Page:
Lucius:  Yeah! I became an agile distributed teams’ trainer by accident. I was running globally dispersed team for about 4 or 5 years. Developers are from Ukraine, Israel, UK, Russia, Indonesia. And, we are to develop tools for ourselves. I was responsible for the team; I setup the team, I had to run the team management. And, it was a pain in the hair. And we tested many tools and later, when I became an agile trainer, I didn’t think about distributed teams. I started to organize teams mainly in the financial industry. And, the teams ask me, you know, they called me as an “Agile” trainer. Then they said, “oh yeah, by the way, we have some more people sitting somewhere else.” And, I started to solve the problems there with the tools I buildup for my own team. And, I thought everyone’s doing it like I was doing it. And then I came to conferences and started to talk about distributed teams with others during a coffee, not as a speaker. You always think that your solutions are so obvious; everyone is doing this. We are in the middle of the world, and what we think everyone else must also think, or see, or whatever. And, it took 2 years or something, that they started to realize that my solutions are somewhat special. And, people start to recommend me to others. So, it was only then that I started to say, “Ok, let’s focus on this issue, on this topic.”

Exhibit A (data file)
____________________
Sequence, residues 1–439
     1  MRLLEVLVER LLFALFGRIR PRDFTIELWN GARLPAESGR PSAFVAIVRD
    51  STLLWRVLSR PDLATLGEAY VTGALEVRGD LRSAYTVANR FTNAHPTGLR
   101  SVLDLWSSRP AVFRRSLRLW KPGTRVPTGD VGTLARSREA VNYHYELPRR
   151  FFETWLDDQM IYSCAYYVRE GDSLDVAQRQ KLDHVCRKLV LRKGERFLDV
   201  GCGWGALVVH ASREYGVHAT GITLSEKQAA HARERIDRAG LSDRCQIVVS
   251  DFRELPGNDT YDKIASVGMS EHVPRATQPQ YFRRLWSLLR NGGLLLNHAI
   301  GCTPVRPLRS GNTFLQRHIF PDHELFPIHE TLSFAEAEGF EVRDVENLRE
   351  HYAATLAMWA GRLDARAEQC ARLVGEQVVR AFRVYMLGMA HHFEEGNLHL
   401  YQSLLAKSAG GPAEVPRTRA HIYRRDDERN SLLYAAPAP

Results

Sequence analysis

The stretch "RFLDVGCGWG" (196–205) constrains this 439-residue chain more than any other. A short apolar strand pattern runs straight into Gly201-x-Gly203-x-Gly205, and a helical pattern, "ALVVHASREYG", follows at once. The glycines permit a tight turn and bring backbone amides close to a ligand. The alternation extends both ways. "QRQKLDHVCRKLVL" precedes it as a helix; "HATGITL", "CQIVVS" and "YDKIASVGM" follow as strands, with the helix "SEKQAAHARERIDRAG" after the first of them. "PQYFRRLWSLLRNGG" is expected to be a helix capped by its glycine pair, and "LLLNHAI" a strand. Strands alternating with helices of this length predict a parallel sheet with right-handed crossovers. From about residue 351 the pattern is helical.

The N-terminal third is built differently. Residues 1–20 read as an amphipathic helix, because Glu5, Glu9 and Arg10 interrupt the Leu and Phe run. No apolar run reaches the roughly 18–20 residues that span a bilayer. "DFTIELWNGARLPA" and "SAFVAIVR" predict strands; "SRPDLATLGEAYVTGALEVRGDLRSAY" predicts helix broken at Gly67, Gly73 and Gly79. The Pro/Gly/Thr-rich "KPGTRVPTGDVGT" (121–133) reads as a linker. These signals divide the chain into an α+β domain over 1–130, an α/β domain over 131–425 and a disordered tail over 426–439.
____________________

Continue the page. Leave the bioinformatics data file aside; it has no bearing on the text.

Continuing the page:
Lisette:  Okay!

Lucius:  So, this is how it started and, I don’t know if you want to talk now or later in your interview about Spreadscrum, the name is already a hint about what we’re doing.

Lisette:  Alright! I say let’s talk about it now. I’m really curious! Maybe, tell us more about Spreadscrum and what it is and how you use it.

Lucius:  Yeah! Okay! It’s Spreadscrum because I’m actually using the teams, I manage spreadsheets. I think, the simplest spreadsheets are the most important and the most underestimated tools we have. We went through all these fancy stuff, video tracks and GoToMeetings, and different project management systems, ticket systems, we tried everything in order to get our remote team together, to collaborate.

There was always something wrong, or it didn’t work or it didn’t help. And, we use Skype mainly, I chat without audio. The spreadsheets are always the “in-between” solution. Nothing else. And then, we became more and more professional in using the spreadsheets. Then, we actually ended up using the spreadsheets; they became our main tool. And, what was so surprising was that the spreadsheet is the perfect tool for collaboration, because what we get wrong, in my understanding, that was my experience; I’m able to run complex tasks completely remote. Many agile teams, they run the sprint-planning on the side.

So, once a month, everyone flies to Berlin, or to London, or to Paris. And there they meet; they do 2 days of planning. And then, they go remote again. But Indonesia, Russia, Israel, UK, there’s no chance of doing this. There are 2 common mistakes, from my point of view: the one is video and the other one is all these task management ticket system tools.

Lisette:  Wow! Those are big words, especially the video one. We’ve got to dive in.

Lucius: I’m completely oppose video.

Lisette: I’ve heard a lot that it can get in the way in certain circumstances. So, I understand that completely. Let’s get into why you think its…